A parole review board denied convicted killer Larry Moore's request to be set free. The 68-year-old was the first in the state to be convicted of murder without a having a body in evidence.
"I have all the ducks in a row that I need to be a real productive citizen and I just want that chance," said Larry Moore while pleading for a chance of freedom. The 3-person board of pardons and parole unanimously decided Larry Moore will remain behind bars.
"In 40 years of law enforcement experience I've never known anybody to hold something that close that was that severe," said Pete Lawrenson in rendering the board's decision to not grant Moore parole.
In 1992 Moore was convicted of killing 38-year old Brad Brisbin, a former Gallatin County sheriff deputy. Moore later confessed to killing Brisbin and even led authorities to the body as a bargaining chip to avoid punishment for building and planting a bomb above former warden Mike Mahoney's office. "He is probably one of the more sophisticated, intellectual sociopaths that I've dealt with in my tenure in the corrections system,” said Mahoney.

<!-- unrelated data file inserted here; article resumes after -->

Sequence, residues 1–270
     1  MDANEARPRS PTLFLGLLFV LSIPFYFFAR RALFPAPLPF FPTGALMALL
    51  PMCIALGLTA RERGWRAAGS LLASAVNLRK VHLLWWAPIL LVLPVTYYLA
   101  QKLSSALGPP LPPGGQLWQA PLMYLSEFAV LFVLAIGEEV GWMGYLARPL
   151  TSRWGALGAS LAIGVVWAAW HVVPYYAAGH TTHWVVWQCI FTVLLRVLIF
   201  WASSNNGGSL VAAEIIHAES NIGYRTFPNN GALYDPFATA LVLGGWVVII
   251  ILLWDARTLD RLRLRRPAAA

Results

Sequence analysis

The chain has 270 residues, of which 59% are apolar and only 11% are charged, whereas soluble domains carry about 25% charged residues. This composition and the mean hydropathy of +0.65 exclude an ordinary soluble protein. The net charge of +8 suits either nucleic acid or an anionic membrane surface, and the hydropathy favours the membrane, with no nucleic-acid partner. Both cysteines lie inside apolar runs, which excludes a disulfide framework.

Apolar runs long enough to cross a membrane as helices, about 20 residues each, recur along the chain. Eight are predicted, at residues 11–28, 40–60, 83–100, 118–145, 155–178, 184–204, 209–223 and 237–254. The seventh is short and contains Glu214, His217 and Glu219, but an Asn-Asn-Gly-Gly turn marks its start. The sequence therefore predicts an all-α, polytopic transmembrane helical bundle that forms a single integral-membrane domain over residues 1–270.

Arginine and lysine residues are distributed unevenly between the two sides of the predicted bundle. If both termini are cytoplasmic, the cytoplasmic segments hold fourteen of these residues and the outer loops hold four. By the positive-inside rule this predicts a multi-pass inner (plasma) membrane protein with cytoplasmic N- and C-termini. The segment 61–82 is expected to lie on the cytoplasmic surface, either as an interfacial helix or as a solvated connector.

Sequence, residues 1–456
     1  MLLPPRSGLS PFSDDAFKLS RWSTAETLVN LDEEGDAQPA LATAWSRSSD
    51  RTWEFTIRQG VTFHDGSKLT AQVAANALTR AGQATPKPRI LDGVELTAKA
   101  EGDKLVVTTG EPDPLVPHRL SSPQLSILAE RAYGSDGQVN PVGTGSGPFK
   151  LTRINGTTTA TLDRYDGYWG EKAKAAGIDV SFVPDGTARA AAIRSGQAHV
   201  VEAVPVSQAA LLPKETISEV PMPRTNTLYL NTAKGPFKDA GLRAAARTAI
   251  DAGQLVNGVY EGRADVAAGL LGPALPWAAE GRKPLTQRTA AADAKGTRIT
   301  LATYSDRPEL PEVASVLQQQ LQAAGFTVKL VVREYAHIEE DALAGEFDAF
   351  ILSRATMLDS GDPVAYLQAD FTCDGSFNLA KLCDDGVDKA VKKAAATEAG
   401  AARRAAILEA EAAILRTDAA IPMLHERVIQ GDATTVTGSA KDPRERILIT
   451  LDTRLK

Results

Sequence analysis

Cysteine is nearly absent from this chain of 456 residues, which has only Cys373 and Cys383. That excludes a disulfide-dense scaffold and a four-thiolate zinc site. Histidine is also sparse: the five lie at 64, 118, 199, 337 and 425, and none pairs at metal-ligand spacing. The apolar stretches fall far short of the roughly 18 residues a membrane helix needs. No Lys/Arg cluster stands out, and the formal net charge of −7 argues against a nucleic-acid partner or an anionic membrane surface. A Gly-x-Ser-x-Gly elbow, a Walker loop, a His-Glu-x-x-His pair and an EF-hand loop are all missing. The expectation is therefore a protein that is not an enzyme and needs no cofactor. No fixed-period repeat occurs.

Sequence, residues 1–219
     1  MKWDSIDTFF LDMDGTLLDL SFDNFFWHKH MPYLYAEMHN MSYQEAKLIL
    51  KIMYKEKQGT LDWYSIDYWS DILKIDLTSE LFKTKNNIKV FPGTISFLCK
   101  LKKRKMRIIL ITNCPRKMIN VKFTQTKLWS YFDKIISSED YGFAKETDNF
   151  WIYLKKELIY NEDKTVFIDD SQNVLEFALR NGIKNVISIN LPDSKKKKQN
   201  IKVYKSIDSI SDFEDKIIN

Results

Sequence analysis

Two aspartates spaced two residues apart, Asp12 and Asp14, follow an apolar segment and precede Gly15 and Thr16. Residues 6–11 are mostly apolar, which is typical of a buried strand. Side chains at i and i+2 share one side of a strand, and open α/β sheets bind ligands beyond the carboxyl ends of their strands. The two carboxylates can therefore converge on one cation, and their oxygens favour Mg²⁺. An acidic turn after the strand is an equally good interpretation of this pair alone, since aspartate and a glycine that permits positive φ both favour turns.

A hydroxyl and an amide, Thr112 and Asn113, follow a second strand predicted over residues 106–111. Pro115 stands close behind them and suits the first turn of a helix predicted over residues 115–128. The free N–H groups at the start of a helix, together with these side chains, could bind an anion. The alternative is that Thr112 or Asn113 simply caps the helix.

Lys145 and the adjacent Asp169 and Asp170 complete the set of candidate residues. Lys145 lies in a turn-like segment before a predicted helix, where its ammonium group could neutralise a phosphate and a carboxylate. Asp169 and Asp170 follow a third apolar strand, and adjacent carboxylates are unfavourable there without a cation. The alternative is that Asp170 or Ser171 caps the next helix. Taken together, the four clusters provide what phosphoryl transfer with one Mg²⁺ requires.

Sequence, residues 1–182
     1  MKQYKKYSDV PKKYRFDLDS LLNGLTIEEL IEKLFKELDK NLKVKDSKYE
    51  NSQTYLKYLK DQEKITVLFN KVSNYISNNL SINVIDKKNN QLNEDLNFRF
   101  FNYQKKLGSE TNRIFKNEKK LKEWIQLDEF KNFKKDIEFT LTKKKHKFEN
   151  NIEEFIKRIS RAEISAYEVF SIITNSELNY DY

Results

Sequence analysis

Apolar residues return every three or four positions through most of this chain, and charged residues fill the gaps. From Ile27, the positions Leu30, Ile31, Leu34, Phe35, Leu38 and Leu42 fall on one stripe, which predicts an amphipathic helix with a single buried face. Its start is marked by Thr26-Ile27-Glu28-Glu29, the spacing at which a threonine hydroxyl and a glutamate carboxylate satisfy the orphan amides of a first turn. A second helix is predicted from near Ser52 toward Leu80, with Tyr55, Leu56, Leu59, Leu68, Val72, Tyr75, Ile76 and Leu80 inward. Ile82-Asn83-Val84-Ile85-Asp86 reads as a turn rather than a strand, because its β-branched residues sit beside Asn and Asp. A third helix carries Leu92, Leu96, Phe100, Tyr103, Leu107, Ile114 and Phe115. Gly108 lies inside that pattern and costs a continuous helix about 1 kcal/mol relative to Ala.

The board heard emotional testimony from Brisbin's family asking the board to keep Moore locked away.
"What happened could have been yesterday for us. Everything we go through every single day reminds us of our dad," said Brisbin's daughter. "There is only one honorable and correct thing in our eyes, for the board to do. Please don't parole him," pleaded Brisbin's widow.
While Moore's son advocated for his father's release he acknowledged the pain his father caused. “I understand what they're going through because I lost my dad 24 years ago too," said his son.
Moore did express remorse for his crime but in the end it wasn't enough to set him free. "It was a cowardly act. Remorse is a big part of my life," said Moore.
The parole board told Moore he would be eligible for another review hearing in five years. His official sentence ends in January 2023.